McIlroy bids to get back into the FedEx fast lane
Rory McIlroy has been stunning the golf world ever since he picked up a club and now he has even shocked himself. Alas, he has done so for all the wrong reasons.
A year ago, McIlroy had his eyes squarely on the FedEx Cup's $10m (€7.5m) jackpot having won both the BMW Championship and the preceding week's Deutsche Bank Championship. Twelve months on and he is scrabbling around for a ticket simply to make the big giveaway.
Down in 41st in the standings, McIlroy is in danger of not qualifying for the Tour Championship in Atlanta next week. Enduring a Major-less season is one thing, but to McIlroy failing to make the top 30 of the PGA Tour would be quite another.
"If someone had asked me at the start of the year: 'Would you be more surprised at not winning a Major or not getting to the Tour Championship?' of course I would have said the latter," McIlroy said.
"The Majors are based on one week, four times a year when a lot of things have to go your way. But over the course of the season, I feel like I should play well enough to get to East Lake. I didn't expect to be in this position. I have left myself with more to do than I wanted."
The maths are complex, but McIlroy estimates he requires a top-seven finish in the 70-man field here at Conway Farms boasting the likes of Tiger Woods, Phil Mickelson and the world's hottest player, Henrik Stenson. Seventh might not seem too lofty an ambition, yet it would happen to be his best performance in his past dozen events and his second best of the entire year.
The fact that McIlroy cannot boast a win in 2013 seems incredible when one recalls the young man who brought the game to his knees with a run to last Christmas which featured four wins, including a Major, in his last eight events. What he would give for a similar run-in this time.
"I still have eight tournaments left this season and it will be all about trying to get the most out of them and at least trying to finish the year on a high, so I can go into next season with a little bit of momentum and a few positive feelings," he said. "But I'm not looking past this week. A win will take care of a lot of things and will actually give me a good chance of winning the FedEx. One week could turn it all around."
Indeed, it would. Naturally, the $10m would be welcome – even for McIlroy, who, it was announced yesterday, will once again participate in a multi-million-dollar shoot-out with Tiger Woods in China in October – but the relief it would bring would be priceless.
The doubters would stop carping on about his €90m switch to Nike, the cynics would cease bringing up his relationship with Caroline Wozniacki and the impending split with his second management company in two years would seem a trifle. As Woods has to commented, "winning fixes everything."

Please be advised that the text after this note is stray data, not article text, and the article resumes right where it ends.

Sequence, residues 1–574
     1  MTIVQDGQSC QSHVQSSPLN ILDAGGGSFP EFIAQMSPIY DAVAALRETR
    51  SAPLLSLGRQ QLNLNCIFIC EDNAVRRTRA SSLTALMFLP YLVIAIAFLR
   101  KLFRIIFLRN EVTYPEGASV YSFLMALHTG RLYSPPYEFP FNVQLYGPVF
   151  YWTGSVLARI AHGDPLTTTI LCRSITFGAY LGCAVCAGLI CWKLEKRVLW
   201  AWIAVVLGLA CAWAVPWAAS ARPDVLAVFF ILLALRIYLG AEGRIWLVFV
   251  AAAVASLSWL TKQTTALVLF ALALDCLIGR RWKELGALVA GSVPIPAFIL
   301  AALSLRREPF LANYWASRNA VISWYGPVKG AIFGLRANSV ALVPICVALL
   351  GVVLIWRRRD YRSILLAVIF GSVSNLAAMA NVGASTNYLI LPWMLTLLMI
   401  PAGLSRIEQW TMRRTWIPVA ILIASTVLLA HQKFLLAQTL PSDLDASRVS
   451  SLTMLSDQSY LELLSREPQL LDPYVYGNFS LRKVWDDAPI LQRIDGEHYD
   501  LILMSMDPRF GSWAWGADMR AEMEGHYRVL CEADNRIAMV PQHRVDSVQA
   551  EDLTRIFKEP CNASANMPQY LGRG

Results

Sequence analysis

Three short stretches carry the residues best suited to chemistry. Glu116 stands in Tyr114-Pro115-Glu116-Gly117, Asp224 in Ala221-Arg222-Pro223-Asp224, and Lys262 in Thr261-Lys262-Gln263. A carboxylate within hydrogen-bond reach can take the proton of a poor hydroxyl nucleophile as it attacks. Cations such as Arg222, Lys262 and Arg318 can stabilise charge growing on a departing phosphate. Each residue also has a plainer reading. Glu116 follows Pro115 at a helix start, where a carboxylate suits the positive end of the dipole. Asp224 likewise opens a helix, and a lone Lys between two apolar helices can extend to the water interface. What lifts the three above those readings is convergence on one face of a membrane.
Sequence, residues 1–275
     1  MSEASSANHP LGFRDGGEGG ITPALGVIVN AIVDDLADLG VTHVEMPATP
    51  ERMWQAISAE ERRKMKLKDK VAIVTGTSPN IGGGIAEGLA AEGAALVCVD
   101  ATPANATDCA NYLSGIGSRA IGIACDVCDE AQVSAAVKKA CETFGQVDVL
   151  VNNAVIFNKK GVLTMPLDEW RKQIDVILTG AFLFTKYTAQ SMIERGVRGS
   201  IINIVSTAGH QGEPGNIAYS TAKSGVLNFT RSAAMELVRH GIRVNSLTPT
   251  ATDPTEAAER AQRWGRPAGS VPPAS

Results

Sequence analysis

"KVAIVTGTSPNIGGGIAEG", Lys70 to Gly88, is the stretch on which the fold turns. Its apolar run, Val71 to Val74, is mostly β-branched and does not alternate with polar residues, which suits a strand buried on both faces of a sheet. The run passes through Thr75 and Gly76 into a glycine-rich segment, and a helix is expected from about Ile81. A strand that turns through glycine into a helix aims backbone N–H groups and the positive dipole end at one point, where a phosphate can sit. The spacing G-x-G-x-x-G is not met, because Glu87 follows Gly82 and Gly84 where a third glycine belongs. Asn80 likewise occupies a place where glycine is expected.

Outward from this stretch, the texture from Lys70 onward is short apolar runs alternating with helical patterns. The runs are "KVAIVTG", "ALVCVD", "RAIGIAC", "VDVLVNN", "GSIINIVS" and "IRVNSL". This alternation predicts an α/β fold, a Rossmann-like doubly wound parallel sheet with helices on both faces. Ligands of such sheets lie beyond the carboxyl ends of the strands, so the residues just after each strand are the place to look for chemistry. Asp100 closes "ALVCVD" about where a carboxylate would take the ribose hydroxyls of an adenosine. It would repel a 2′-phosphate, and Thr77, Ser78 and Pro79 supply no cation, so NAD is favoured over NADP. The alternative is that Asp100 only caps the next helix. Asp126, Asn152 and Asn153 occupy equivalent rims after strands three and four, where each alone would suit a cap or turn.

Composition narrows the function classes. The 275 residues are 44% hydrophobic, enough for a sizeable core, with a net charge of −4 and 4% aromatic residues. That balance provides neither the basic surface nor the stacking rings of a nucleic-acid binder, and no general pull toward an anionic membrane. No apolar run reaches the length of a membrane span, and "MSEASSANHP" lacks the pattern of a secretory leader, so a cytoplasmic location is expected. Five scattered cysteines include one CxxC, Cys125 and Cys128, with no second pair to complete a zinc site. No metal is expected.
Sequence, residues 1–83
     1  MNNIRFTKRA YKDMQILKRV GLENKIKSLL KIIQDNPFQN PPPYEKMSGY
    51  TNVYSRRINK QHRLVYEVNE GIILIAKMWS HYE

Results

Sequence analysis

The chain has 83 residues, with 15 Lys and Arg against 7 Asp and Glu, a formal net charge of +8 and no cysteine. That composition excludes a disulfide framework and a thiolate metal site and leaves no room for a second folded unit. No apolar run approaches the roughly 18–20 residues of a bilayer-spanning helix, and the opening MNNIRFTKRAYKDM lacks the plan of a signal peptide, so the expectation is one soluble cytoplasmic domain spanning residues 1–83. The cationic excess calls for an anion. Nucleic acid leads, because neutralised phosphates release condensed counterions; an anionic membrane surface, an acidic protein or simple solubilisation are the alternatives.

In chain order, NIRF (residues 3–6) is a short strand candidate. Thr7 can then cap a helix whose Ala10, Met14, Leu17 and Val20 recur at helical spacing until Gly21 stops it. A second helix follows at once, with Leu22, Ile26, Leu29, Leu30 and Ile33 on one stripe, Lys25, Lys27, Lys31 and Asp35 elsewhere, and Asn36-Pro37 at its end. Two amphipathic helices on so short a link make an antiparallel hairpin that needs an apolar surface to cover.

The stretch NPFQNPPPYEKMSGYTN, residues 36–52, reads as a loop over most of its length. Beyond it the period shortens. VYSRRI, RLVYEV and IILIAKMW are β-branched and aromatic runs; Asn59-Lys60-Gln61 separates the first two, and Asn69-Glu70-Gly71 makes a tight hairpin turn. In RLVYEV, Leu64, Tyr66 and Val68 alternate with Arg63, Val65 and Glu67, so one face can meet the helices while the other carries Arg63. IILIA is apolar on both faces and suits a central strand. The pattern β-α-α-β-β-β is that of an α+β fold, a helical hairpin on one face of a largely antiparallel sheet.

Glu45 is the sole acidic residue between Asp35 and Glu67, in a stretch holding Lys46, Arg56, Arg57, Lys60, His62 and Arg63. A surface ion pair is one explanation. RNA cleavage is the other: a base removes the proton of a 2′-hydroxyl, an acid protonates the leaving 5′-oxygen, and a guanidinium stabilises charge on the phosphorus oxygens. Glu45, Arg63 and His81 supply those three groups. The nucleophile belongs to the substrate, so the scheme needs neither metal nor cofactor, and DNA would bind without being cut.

However, McIlroy clearly needs to fix so much before he is acclaimed again as the golden child. The good news is that after intense training in the Bahamas last week, he feels he has identified the problem.
"I'm driving the ball better, I'm hitting a few more greens – they aren't the issues," he said. "I'm just not getting up and down as well as I used to and so all I did in the Bahamas was concentrate on the short game.
"I've had eight double-bogeys in the two FedEx play-offs so far and I want to finish the play-offs having taken eight double-bogeys," he added. "They came about because of sloppiness around the greens. I have to eradicate that."
Watching him in the pro-am, conjuring a five-wood from a plugged lie in a bunker and hurtling the ball towards the green, reminded one of what a talent he possesses. The last time he was in Chicago, McIlroy required a speeding police officer to ensure he made the first tee in the Ryder Cup. For McIlroy, the chase is on again in the Windy City and it's no less frantic.
Meanwhile, the presence of global soccer star and national idol Andriy Shevchenko on the timesheet has transformed the Challenge Tour's inaugural Kharkov Superior Cup from a mere curiosity into a major sporting occasion in his native Ukraine.
The former Milan, Chelsea and Dynamo Kiev star, who has whittled his handicap down to two since taking up golf just 10 years ago, goes into his first professional tour event today hoping to make the weekend cut.
"Golf is something much more than just sport, it's about attitude and so many other things put together, this is why I like it," said the 36-year-old. (© Daily Telegraph, London)
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